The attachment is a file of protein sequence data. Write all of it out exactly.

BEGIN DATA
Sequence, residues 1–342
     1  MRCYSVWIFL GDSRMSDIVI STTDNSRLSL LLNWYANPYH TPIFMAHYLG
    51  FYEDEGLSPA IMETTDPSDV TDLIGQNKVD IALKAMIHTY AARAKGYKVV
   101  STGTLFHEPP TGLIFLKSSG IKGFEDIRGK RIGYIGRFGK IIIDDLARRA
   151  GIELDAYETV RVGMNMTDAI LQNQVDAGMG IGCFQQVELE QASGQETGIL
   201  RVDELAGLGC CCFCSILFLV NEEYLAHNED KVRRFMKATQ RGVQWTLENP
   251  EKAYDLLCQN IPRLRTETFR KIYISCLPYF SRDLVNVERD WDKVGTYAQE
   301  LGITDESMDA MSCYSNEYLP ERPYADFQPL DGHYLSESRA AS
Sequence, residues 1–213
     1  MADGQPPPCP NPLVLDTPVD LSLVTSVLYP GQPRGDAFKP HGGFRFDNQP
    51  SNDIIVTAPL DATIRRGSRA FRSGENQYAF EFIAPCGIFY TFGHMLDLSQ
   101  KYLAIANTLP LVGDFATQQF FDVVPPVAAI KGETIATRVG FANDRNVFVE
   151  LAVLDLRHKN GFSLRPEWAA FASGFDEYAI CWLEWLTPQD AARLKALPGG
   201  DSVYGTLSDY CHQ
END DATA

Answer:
Sequence, residues 1–342
     1  MRCYSVWIFL GDSRMSDIVI STTDNSRLSL LLNWYANPYH TPIFMAHYLG
    51  FYEDEGLSPA IMETTDPSDV TDLIGQNKVD IALKAMIHTY AARAKGYKVV
   101  STGTLFHEPP TGLIFLKSSG IKGFEDIRGK RIGYIGRFGK IIIDDLARRA
   151  GIELDAYETV RVGMNMTDAI LQNQVDAGMG IGCFQQVELE QASGQETGIL
   201  RVDELAGLGC CCFCSILFLV NEEYLAHNED KVRRFMKATQ RGVQWTLENP
   251  EKAYDLLCQN IPRLRTETFR KIYISCLPYF SRDLVNVERD WDKVGTYAQE
   301  LGITDESMDA MSCYSNEYLP ERPYADFQPL DGHYLSESRA AS
Sequence, residues 1–213
     1  MADGQPPPCP NPLVLDTPVD LSLVTSVLYP GQPRGDAFKP HGGFRFDNQP
    51  SNDIIVTAPL DATIRRGSRA FRSGENQYAF EFIAPCGIFY TFGHMLDLSQ
   101  KYLAIANTLP LVGDFATQQF FDVVPPVAAI KGETIATRVG FANDRNVFVE
   151  LAVLDLRHKN GFSLRPEWAA FASGFDEYAI CWLEWLTPQD AARLKALPGG
   201  DSVYGTLSDY CHQ